It should be remembered however that the cases in this area, which appear to have been generous to the taxpayer, have been decided on very specific circumstances and have generally centred on land-based activities, such as farming or mixed estates. It is likely to be far more difficult to demonstrate that, say, an engineering business holding investment properties is being run as a single business.

Even if the business owner is confident that the trading and investment elements can be run as a single business, there is a bear trap if the trading element decreases while investments rise in value. See example 5 above.

We also need to consider what constitutes an ‘investment activity’. In the recent case of Pawson (HMRC v Lockyer & Robertson (Pawson’s Personal Representatives) [2013] UKUT 50 (TCC)), it was found that it is the nature of the activity that is engaged in that is important, not the level or degree of activity. In this case, it was found that the activity of finding customers for a holiday rental property was the same in nature as sourcing any tenant for a property activity, i.e. an investment activity, despite the much higher levels of activity required for a property let on a weekly basis.

Land-based businesses may continue to be vulnerable to falling on the wrong side of the ‘investment’ line and a regular review of the activities undertaken and the services offered by the business should be undertaken.

Finally, corporate group situations also need to be considered. It should be remembered that investments in minority holdings or 50:50 joint ventures will be investments, whereas the value of qualifying subsidiaries may qualify for BPR if the holding company is wholly or mainly a holding company of qualifying subsidiaries (IHTA 1984 s 105(4)(b)). If the holding company is also trading in its own right, the value of the subsidiary may be treated as an investment if the trading activity of the parent is predominant as it will not be ‘wholly or mainly a holding company of trading subsidiaries’.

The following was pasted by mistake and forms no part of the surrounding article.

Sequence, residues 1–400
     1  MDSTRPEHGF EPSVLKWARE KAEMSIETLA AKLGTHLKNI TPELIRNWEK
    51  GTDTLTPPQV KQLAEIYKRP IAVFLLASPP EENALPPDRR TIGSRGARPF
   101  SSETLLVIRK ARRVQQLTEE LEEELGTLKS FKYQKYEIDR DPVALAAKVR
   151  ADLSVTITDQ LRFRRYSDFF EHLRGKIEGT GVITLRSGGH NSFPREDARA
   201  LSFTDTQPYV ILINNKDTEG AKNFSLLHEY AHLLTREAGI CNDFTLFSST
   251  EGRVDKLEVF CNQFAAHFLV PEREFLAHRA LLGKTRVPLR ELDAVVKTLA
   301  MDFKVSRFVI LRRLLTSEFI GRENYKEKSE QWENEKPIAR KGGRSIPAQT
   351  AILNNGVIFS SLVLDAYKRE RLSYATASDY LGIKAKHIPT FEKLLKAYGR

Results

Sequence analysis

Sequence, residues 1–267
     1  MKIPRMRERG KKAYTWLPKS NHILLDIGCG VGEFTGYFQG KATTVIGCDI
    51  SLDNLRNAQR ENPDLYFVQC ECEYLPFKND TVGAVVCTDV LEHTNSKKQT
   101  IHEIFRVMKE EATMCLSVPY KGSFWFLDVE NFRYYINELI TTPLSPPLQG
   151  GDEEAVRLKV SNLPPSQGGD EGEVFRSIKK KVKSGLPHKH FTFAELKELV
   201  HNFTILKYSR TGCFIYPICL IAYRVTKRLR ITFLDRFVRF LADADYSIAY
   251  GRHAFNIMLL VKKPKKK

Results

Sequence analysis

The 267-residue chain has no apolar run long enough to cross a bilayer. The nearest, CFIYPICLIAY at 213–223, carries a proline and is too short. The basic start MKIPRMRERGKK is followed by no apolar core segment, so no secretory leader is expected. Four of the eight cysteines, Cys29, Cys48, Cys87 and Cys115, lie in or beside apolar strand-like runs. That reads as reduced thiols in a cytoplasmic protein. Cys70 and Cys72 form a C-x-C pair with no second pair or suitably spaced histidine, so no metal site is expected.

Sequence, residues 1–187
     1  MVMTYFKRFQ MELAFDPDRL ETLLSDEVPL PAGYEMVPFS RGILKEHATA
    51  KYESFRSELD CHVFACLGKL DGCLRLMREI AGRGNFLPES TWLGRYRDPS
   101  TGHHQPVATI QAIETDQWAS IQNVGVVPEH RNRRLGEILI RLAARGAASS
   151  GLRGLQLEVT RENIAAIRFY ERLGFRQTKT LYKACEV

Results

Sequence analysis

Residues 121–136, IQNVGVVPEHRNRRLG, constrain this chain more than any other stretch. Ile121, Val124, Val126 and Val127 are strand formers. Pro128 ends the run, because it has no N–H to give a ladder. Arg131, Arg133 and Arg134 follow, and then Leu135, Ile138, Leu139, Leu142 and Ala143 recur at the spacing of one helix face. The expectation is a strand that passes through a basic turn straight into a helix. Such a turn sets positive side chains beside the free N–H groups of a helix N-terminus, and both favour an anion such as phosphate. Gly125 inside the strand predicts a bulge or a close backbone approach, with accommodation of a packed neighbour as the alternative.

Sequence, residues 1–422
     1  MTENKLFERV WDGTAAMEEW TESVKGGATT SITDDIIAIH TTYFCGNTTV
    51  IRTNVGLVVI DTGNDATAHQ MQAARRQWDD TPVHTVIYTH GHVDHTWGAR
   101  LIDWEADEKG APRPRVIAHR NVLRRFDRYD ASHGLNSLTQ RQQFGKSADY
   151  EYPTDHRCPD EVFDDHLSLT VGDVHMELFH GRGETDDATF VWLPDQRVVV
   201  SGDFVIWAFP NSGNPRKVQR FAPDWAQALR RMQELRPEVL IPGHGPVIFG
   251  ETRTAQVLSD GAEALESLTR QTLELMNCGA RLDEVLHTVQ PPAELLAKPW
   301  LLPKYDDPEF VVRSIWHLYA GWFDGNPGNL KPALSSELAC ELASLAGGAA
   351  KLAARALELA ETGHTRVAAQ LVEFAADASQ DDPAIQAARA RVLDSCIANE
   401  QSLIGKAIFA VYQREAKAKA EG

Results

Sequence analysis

How not to hold minority interests

BPR should be available on shares in any unquoted trading company and there is no de minimis for the level of shareholding, unlike say for capital gains entrepreneurs’ relief. However, holders of a number of minority interests must avoid the temptation to group them together under a holding company since, although this may give other tax benefits, the shares in the holding company will constitute ‘investments’ and therefore be barred from BPR by IHTA 1984 s 105(3). The writers have seen this done quite often and it does seem to be a bear trap to avoid. See example 6 above.

Planning for the loss of BPR

There will be times when business owners have to face the consequences of losing BPR. The most common scenario is when the time has come to sell the business. Many business owners may not consider how they wish to use their proceeds until after the sale has been completed.

It is important that vendors consider their position prior to entering into a binding contract for sale, as otherwise planning opportunities can be missed.

All is not lost if the vendor decides that he wishes to make chargeable transfers after the contract has been signed. The replacement provisions at IHTA 1984 s 107 can help in this situation. See example 7 above.